Options for Jewish kids

Options for Jewish kids

Panel in Ridgewood will outline programming for toddlers through teens

Sue Ellen Greenberg, left, and Rachel Delancey
Sue Ellen Greenberg, left, and Rachel Delancey

A panel of experts will talk about raising children with Jewish values and spiritual engagement at a free program, called “Jewish Kids: Ideas for Different Ages and Stages,” at Temple Israel and JCC in Ridgewood on Sunday. (See box.)

Erica Danziger, programming and community outreach director of the Jewish Community Center of Northern New Jersey, will discuss PJ Library, a free resource for bringing Jewish stories into the home for kids up to 4 years old.

Sue Ellen Greenberg, a sleepaway camp consultant, will explain how she guides Jewish parents in making a costly investment in their children’s education — and their future.

Rachel Delancey, a planning, allocations, and community outreach associate at the Jewish Federation of Northern New Jersey, will speak about the federation’s Right Start and One Happy Camper incentive grant programs.

And Jessica Spiegel, the principal of the Bergen County High School for Jewish Studies and director of Northern New Jersey Jewish Academy, will outline what BCHSJS offers high school students.

There are hundreds of summer opportunities for children and teens to build and strengthen Jewish identity, Ms. Greenberg, who lives in Franklin Lakes and spends her summers visiting camps and other teen programs, said. “The best camp or teen program for your child is the one that is most compatible to your child’s personality.

“I love being able to help a family find the right fit. I want every child to have the great camp experience that I had.”

Ms. Greenberg, who was a teacher before she began camp consulting 20 years ago, advises families against trusting the internet when they consider which camp to select. “It can be very confusing, and what you see is not what you get,” she said.

There are incentive grants that encourage parents to commit to Jewish camps and preschools, Ms. Delancey, of New Milford, said. For more than 10 years, the One Happy Camper program has offered grants that motivate parents to choose a Jewish overnight camp over secular options. The program is funded through the Foundation for Jewish Camp and organized Jewish communities throughout North America.

More first-time grants are being awarded this year than had been in earlier years, she said, and this year, One Happy Camper has expanded to allocate a second-year grant for families that make $175,000 or less annually.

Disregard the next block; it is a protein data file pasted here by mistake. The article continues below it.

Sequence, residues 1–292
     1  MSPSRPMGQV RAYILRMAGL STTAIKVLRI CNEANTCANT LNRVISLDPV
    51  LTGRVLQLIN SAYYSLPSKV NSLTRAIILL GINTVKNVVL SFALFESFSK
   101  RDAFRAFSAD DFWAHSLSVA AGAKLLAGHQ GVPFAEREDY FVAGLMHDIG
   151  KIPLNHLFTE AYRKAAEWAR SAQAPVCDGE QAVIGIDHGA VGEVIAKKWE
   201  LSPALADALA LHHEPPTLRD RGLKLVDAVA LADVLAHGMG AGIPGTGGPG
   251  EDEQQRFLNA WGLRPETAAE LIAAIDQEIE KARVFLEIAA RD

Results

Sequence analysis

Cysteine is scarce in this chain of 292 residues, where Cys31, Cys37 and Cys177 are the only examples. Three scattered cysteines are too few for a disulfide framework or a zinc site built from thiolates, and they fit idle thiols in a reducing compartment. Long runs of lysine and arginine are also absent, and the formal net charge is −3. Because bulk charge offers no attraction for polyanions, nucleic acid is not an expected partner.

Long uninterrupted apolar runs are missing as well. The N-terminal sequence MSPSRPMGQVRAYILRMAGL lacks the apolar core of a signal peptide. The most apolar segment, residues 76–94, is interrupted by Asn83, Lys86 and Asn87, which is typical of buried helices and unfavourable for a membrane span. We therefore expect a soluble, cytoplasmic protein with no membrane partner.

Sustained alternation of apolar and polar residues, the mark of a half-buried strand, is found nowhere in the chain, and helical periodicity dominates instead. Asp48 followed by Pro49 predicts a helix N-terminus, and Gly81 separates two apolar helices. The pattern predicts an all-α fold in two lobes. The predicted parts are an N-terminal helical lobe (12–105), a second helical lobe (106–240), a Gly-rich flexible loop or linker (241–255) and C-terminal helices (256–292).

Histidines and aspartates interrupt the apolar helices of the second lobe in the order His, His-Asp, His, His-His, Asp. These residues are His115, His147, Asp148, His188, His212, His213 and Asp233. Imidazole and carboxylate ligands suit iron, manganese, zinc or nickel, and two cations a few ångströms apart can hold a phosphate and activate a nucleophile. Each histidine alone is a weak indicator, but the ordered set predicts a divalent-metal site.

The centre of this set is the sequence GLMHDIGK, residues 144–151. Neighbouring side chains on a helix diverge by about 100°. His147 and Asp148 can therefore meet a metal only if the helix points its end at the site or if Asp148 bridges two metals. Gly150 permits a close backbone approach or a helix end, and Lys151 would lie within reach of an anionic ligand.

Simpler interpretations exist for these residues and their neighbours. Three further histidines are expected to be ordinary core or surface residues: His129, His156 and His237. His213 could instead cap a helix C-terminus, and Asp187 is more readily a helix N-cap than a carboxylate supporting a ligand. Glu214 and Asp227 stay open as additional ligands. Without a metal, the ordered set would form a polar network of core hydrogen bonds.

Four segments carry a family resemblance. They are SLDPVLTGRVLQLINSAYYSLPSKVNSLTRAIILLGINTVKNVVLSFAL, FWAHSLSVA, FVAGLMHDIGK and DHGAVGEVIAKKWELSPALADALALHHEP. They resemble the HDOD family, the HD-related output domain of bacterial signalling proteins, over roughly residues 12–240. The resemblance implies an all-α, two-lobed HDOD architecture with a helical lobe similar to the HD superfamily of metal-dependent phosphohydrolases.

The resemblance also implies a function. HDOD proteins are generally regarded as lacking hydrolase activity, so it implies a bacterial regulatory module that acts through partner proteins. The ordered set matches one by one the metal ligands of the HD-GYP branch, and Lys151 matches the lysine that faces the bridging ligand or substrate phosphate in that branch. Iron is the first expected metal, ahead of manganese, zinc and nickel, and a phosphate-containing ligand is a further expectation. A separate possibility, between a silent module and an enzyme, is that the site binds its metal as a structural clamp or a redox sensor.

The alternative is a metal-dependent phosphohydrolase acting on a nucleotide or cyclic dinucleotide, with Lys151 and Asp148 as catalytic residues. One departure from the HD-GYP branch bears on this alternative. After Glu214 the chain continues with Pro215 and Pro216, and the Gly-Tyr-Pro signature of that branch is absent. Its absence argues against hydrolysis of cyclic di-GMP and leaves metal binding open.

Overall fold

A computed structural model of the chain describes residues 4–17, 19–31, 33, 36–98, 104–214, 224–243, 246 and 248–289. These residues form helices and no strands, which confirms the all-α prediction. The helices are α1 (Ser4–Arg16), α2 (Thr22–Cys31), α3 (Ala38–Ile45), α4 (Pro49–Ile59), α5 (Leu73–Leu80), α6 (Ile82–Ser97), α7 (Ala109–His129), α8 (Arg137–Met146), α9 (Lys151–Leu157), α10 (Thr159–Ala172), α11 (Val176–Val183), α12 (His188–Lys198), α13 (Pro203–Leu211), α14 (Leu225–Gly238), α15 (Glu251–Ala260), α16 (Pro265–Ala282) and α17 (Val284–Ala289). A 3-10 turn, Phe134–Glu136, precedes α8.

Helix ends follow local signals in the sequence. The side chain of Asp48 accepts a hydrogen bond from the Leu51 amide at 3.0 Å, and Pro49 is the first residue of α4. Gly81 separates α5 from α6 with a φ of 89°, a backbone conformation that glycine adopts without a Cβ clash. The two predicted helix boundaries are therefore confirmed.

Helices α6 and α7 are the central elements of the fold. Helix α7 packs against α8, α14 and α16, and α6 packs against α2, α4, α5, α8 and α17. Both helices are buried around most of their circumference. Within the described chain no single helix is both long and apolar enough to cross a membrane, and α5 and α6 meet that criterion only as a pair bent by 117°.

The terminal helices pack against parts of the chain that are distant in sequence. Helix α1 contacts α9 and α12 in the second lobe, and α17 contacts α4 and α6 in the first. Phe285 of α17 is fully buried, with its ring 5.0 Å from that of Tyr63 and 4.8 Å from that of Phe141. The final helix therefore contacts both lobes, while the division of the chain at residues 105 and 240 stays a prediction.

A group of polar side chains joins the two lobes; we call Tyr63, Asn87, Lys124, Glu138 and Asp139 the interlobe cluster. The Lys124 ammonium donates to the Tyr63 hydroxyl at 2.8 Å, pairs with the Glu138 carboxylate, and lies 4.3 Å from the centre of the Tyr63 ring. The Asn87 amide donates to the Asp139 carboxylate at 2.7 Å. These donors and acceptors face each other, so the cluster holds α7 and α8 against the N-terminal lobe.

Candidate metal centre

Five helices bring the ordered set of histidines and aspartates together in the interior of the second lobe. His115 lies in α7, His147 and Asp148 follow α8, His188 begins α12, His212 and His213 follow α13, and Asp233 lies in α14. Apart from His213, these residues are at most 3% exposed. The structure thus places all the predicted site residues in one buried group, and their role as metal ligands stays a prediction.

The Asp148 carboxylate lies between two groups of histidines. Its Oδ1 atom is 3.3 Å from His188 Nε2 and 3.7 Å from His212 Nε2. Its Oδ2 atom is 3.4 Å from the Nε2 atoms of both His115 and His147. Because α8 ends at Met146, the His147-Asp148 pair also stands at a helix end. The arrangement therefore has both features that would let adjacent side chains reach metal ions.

The grant recipients typically attend overnight camps in Pennsylvania and New York, Ms. Delancey said. Camp can cost from $8,000 to $11,000 per camper, and the grants can offer as much as $1,000. “It might not seem like a lot of money, but it is actually very helpful in convincing families to make that choice to send their kids to a Jewish camp instead of a non-Jewish camp,” Ms. Delancey said. “Then the kids have such a great time and meet so many amazing friends that they continue going back year after year.”

There are 190 camps, representing all streams of Judaism, participating in the One Happy Camper grants program, Ms. Delancey said, and Jewish camps offer kids their single most intensive opportunity to experience Jewish life. “It has been shown to really change the lives of kids. It gives them the opportunity to explore their Jewish identity independently as opposed to synagogue life. It has been fruitful in terms of them marrying someone Jewish and raising Jewish families and becoming members of synagogues and associating with the Jewish community more broadly.”

Right Start, which began in 2019, is similar to One Happy Camper but is geared to helping parents choose Jewish preschool for their kids. Right Start grants are $700 for two to four days a week of preschool, and $1,000 if the child goes for five days. The program is funded by the Jewish Federation of Northern New Jersey.

“We have recognized that there needs to be a continuum of Jewish life,” Ms. Delancey said. “Jewish preschool builds a great foundation of Jewish thought and knowledge about the holidays. And then you go to Hebrew school and Jewish overnight camp, and then you’re a part of BBYO.

“So in line with this continuum idea, it is really helpful to be able to offer an incentive for families to choose Jewish preschool when they normally might not because not all Jewish preschools have extended hours or anything like that.”

Jewish preschool, she said, “really helps families recognize how important having a Jewish education is even when they’re infants and toddlers.”

Who: Temple Israel’s Temple Talk series

What: Present a panel discussion, “Jewish Kids: Ideas for Different Ages and Stages”

When: On Sunday, January 8, at 12:30 p.m.

Where: At Temple Israel and JCC in Ridgewood.

What format: It’s in-person only

How much: It’s free

What else: A free bagel brunch starts at noon.

For more information: Go to www.synagogue.org

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